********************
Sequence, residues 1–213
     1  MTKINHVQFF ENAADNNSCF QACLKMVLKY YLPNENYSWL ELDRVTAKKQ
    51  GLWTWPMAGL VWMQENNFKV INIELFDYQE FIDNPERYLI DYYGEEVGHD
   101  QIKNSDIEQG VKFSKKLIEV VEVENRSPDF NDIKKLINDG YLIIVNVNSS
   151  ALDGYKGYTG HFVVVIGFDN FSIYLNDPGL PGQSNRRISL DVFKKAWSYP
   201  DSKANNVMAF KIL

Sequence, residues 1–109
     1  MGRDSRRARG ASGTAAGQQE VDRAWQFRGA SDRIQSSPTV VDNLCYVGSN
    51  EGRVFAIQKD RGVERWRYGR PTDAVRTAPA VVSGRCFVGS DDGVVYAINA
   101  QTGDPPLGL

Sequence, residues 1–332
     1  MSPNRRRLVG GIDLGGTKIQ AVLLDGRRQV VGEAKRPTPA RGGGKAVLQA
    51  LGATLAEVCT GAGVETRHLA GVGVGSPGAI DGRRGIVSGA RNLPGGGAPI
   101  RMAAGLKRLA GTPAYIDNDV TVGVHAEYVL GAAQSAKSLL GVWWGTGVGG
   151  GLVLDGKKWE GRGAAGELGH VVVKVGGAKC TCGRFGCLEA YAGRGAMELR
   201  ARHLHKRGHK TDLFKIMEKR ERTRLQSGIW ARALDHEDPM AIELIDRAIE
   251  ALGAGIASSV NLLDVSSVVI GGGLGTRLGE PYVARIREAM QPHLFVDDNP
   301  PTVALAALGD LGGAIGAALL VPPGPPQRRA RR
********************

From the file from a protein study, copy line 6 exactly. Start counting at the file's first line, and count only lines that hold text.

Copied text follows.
   201  DSKANNVMAF KIL